Federal officials expect to have final regulations cleared shortly, telling agencies how to make court-ordered alimony and child-support deductions from the pay or pension checks of civilian workers, military personnel or retirees.

The new regulations, which also will cover D.C. government personnel and retirees, should be out within a few weeks. Some government agencies and military units already have handled many court orders for pay or pension garnishment. But most haven't, and the new guidelines will set up exact procedures for them. They also will require agencies to designate an individual to handle the garnishments.

The garnishment authority was approved in late 1975. It marked the first time that federal paychecks or pension checks were made liable for deductions from outside "creditors" for any reason. The garnishments are allowed only for alimony or child support, and only by court order.

The Civil Service Commission is handling the garnishment program, and it published proposed new regulations in the Federal Register on April 15. Comments have beeb received from the public (the comment period closed June 1) and as a result some minor changes will be made.

Under the proposal, all payments to individuals from the U.S. and D.C. governments are subject to garnishment for either alimony or child support, or both. This includes regular federal wages, pensions, military pay and pensions and fees to consultants. Court costs and attorney's fees, if the court makes them part of the garnishment action, also may be deducted from pay or pension checks.

Agencies will be required to designate an official or office to receive the garnishment orders. That individual or office will be responsible for acting on them promptly.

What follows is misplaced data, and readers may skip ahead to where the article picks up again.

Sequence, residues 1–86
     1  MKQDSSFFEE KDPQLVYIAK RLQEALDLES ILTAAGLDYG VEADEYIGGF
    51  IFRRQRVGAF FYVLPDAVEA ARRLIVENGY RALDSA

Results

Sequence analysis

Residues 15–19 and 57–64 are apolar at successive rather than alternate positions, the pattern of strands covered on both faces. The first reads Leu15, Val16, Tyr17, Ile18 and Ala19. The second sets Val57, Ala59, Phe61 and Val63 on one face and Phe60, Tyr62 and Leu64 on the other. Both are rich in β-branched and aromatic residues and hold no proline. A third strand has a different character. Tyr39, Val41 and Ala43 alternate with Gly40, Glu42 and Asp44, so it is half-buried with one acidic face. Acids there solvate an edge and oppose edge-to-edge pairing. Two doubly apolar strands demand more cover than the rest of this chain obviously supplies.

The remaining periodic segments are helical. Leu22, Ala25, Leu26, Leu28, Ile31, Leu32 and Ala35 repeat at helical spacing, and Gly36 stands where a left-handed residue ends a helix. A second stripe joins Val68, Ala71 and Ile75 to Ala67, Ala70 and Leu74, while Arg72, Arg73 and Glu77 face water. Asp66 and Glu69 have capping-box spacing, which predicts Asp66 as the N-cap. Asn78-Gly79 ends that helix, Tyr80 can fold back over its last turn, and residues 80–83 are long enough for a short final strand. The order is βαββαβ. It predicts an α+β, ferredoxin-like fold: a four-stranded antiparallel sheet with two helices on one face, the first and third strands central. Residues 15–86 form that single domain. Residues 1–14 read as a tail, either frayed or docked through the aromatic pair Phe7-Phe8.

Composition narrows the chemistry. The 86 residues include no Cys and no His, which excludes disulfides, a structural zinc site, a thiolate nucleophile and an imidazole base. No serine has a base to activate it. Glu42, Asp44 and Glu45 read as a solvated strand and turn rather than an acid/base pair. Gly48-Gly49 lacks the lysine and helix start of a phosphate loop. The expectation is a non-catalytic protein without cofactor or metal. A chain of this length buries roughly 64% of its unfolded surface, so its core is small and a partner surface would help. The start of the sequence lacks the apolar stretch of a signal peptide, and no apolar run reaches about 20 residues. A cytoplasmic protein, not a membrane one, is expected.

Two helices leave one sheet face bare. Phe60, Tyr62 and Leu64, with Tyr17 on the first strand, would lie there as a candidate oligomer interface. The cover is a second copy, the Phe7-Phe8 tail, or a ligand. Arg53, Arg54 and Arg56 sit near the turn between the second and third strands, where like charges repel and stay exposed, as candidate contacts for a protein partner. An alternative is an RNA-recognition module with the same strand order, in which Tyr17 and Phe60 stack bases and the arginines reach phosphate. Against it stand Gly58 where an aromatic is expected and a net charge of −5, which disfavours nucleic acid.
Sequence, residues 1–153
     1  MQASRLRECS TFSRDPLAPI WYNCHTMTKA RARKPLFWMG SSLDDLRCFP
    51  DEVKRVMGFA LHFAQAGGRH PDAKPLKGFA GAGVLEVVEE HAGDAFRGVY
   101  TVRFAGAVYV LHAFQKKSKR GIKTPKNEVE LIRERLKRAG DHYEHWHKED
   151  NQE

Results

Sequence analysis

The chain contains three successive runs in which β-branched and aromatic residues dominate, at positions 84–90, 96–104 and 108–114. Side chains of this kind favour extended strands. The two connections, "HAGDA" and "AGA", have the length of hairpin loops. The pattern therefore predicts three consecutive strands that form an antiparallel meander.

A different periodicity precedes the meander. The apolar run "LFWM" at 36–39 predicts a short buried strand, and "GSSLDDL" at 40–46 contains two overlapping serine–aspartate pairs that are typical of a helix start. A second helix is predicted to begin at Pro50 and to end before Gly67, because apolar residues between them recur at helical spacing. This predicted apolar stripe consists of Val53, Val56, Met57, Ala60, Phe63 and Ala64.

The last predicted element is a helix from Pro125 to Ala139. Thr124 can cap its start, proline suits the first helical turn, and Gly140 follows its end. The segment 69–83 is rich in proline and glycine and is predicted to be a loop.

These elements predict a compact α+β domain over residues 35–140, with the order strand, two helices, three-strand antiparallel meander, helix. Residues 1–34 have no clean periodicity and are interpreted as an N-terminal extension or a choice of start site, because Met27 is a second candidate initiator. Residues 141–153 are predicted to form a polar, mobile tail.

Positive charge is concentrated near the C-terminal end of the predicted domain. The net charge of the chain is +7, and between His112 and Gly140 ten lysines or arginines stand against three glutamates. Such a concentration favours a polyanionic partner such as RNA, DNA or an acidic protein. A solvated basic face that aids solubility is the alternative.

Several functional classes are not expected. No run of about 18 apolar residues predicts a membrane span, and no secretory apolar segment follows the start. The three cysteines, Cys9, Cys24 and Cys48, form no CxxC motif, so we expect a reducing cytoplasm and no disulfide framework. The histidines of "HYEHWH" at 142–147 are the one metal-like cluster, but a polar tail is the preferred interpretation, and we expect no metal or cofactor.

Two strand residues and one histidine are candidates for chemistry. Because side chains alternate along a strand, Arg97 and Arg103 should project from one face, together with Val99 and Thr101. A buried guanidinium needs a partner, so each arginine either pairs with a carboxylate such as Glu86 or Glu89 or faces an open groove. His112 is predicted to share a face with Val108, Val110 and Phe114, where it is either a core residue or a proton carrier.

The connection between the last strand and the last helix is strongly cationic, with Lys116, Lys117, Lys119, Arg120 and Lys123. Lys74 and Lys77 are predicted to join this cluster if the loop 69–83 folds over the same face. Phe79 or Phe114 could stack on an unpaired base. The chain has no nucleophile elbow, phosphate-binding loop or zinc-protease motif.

In most cases, it would be better for persons seeking court-ordered alimony or child support to wait a few weeks until the garnishment regulations are issued. Some agencies however, like the U.S. Postal Service, Civil Service Commission and the military, already have processed garnishment actions.

Once the regulations are out, persons should supply the civilian agency or military department with data on the ex-spouse. It should include the court order, and be sent by registered mail with a return receipt requested. The data should include:

Full name of the individual in the alimony or child-support action.

His or her date of birth.

His or her employment number, social security and/or military serial number, or the civil service claim number of a retiree.

The component of the agency (or military department) where the individual works, or is retired from, and his or her duty station.

Now that the garnishment orders are almost in the implementing stage, federal officials expect many men (and women) who have been ducking alimony or child-support claims will take action to settle up out of court.

For more information about programs - or to get in touch with individuals - in various agencies or departments, here is a list of civilian and military offices to contact: